Two years ago, while boarding a bus in the Costa Rican town of Alajuela, Francisco Javier (pictured at right in his first power chair) faltered. The 58-year-old was pushing his wheelchair up the bus’s ramp, but without arm rails or anyone to assist him he fell back, hitting his head hard on the street below. He suffered serious injuries, which even after multiple surgeries resulted in permanent lost vision in his left eye.
Though Francisco, who contracted polio when he was 1 year old, has been using a manual wheelchair for the last eight years, after his accident he found it more difficult to push himself around Alajuela. He had once worked as a salesman on the street, but he now found himself unable to run errands or meet friends as regularly as he had in the past. “From my house to the supermarket and the other shops it’s about 500 meters, and to push a wheelchair is very tiring,” Francisco said. “That also affects my sight; I get tired easily.”
Knowing that a power wheelchair would enable him to regain some of his past independence, Francisco researched the Christopher & Dana Reeve Foundation on the internet and wrote a letter pleading for help. “I had faith that I could get a wheelchair,” he said.
In October, after receiving Francisco’s request, Carlos Caprioli, Information Specialist for the Reeve Foundation, contacted UCP Wheels for Humanity (UCPWFH), which agreed to provide a donated power wheelchair for Francisco during its next wheelchair distribution in Costa Rica.
UCP Wheels for Humanity, a North Hollywood, California-based nonprofit organization, has been providing wheelchairs to developing countries around the world since 1996. UCPWFH’s volunteer teams of professional wheelchair seating specialists, including occupational and physical therapists, accompany UCPWFH on each distribution worldwide to ensure that every piece of equipment provided is custom-fitted to each individual.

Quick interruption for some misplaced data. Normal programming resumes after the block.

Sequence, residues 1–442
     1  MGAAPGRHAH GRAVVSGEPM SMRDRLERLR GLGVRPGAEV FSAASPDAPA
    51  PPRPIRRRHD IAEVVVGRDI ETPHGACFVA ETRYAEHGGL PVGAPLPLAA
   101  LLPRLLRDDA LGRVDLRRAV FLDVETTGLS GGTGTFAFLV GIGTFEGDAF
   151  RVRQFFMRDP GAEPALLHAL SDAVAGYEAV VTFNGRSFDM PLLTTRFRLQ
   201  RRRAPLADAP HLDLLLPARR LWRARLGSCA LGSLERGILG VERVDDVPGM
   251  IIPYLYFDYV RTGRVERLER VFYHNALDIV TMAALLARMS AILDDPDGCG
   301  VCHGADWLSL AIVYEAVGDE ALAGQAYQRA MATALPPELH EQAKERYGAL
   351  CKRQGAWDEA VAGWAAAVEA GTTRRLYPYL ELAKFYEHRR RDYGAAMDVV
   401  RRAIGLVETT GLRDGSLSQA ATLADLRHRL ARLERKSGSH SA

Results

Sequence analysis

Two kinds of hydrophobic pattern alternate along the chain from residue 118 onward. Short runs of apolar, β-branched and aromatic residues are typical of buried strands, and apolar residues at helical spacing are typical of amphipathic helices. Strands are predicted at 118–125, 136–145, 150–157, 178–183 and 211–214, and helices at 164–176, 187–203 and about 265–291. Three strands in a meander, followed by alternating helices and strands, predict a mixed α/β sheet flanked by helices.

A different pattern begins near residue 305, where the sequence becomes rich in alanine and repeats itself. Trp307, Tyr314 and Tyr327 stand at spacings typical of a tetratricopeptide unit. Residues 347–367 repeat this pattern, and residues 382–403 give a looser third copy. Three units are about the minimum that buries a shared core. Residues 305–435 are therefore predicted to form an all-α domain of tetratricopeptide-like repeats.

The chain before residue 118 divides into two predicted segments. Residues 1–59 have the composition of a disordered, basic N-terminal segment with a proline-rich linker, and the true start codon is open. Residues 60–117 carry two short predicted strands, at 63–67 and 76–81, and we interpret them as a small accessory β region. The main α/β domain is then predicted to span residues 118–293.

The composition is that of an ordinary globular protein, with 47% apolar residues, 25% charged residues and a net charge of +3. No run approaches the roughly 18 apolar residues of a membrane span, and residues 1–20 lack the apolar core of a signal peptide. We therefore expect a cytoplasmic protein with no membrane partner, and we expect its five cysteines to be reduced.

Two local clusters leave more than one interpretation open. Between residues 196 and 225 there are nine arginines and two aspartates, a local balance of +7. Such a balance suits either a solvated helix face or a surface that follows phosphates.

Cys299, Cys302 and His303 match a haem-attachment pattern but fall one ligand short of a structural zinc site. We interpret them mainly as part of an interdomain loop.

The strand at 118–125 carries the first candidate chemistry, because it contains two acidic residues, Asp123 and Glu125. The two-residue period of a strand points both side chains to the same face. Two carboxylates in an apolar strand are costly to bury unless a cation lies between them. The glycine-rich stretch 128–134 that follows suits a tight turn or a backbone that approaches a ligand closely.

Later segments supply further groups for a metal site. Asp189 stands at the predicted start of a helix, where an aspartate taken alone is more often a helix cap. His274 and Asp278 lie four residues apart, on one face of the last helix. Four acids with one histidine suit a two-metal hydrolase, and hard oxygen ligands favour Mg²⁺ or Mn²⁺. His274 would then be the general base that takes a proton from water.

The Christopher & Dana Reeve Foundation has been supporting UCPWFH’s international programs since 2000, connecting countless others like Francisco with wheelchairs and other mobility aids. Shortly after Francisco contacted the Reeve Foundation, one of UCPWFH’s 40-foot ocean containers (pictured at left) filled with nearly 200 wheelchairs, crutches, walkers and physical therapy equipment was bound for Costa Rica.
Six weeks later, a UCPWFH team arrived in Alajuela to fit the equipment to more than 185 children and adults with disabilities. Francisco received his refurbished Quickie P110 power wheelchair on Tuesday, November 22, and was already imagining all the ways it would improve his life.
Photo: UCP Wheels for Humanity volunteer CRTS Michael Banks fitting Francisco into his first power chair.
“Now I can run errands, and I don’t need anyone to help me up the bus ramp anymore,” he said. But, he added with a grin, he would mostly use his power wheelchair to go to the central park in Alajuela, where he and his other retired friends in the area meet almost everyday to gossip and talk soccer. Francisco was already discussing with his brother, Ignacio, when his favorite team, La Liga, would be playing next and where they would go to watch the game.
The impact on his independence, and social life, was immediate, he said. “There are so many people in my country in need of wheelchairs — I have a friend who tried to get a wheelchair but couldn’t,” Francisco said. “So I am very, very grateful, and would like to thank the Reeve Foundation and UCPWFH for all the great work they are doing, not just in Costa Rica, but all around the world.”
Getting the right wheelchairSubmitted by: Katherine Selengia - Program Associate - UCP Wheels for Humanity